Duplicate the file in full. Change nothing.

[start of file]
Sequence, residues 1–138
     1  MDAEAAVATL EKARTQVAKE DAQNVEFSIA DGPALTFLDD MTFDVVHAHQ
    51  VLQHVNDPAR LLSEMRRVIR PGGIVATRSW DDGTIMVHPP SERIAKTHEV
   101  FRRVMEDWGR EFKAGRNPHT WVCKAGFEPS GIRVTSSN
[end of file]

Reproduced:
Sequence, residues 1–138
     1  MDAEAAVATL EKARTQVAKE DAQNVEFSIA DGPALTFLDD MTFDVVHAHQ
    51  VLQHVNDPAR LLSEMRRVIR PGGIVATRSW DDGTIMVHPP SERIAKTHEV
   101  FRRVMEDWGR EFKAGRNPHT WVCKAGFEPS GIRVTSSN